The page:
Quake-shaken Christchurch kids in line for more help

  • 21/10/2017
Depression child
"[Mental health in schools] is a really big issue," says Canterbury Primary Principal's Association president Margaret Trotter. Photo credit: Getty

A high number of Canterbury children are suffering from mental health issues, and extra help might not be far off.

A Labour Party election promise gave Canterbury hope for more support on a "really big issue" for Christchurch schools, since the earthquakes seven years ago.

During the election campaign, Prime Minister-elect Jacinda Ardern said Labour would fund an extra 80 mental health professionals for the next three years, who will work in all public primary and intermediate schools.

With Labour forming the Government, Canterbury Primary Principal's Association president Margaret Trotter is waiting to see the positive changes for primary school kids, who are facing mental health battles.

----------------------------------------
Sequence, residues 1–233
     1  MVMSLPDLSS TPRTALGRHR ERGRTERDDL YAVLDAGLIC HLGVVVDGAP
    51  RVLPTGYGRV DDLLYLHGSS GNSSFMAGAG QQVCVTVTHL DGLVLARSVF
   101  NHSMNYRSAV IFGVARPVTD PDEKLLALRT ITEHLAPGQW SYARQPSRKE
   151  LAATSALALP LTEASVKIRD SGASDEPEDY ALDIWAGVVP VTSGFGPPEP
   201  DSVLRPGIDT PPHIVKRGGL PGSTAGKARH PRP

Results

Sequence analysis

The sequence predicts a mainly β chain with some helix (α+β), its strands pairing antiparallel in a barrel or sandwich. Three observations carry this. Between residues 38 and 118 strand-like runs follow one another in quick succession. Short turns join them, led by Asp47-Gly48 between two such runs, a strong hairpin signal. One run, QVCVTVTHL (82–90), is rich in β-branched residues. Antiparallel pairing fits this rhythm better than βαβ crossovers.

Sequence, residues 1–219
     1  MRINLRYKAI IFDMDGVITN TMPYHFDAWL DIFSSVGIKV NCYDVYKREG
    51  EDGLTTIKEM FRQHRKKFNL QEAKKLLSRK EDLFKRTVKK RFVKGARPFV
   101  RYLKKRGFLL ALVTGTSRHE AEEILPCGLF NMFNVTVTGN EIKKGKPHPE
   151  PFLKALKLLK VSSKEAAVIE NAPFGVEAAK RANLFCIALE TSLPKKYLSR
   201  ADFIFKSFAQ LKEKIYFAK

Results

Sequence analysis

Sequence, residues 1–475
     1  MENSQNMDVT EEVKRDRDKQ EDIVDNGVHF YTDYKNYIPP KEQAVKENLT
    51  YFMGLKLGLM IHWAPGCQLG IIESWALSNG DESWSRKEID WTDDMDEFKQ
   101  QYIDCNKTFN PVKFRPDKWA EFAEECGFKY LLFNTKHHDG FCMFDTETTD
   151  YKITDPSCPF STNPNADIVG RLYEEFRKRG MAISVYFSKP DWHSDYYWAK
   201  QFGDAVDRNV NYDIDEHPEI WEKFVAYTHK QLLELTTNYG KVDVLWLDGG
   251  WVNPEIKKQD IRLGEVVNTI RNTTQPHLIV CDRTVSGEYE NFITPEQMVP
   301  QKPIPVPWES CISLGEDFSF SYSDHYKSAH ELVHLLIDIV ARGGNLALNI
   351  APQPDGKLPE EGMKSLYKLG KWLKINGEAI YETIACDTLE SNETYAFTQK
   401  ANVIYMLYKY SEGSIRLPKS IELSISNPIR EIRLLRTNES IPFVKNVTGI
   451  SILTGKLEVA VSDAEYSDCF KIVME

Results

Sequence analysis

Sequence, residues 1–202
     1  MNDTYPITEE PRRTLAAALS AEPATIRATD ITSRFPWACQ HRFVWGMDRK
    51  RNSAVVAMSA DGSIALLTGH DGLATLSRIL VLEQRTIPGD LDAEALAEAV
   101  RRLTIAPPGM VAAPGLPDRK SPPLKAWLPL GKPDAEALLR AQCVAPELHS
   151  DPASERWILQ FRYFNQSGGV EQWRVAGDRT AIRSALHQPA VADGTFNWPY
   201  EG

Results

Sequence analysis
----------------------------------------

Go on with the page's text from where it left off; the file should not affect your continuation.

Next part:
"[Mental health in schools] is a really big issue, all schools are seeing a big increase with anxiety and mental health, there's a lot that's happened with the earthquake and it's growing across the country," Ms Trotter said.

"The earthquake has escalated the issues with children and their families."

It's not only children who are having a tough time after the devastating effects of the earthquakes, with teachers learning how to cope as well.

"We can't forget that all our teachers have been through their own dilemmas with housing and families as well, our teachers have done a fantastic job with the schools," Ms Trotter said.

"They're facing classrooms on a day to day basis, and it will be great to have extra resources for this.

"It's very early days, and we're just waiting to see who our minister of education will be, we look forward to working with the ministry and Jacinda, regarding the mental health issues, it's an exciting time."

NZN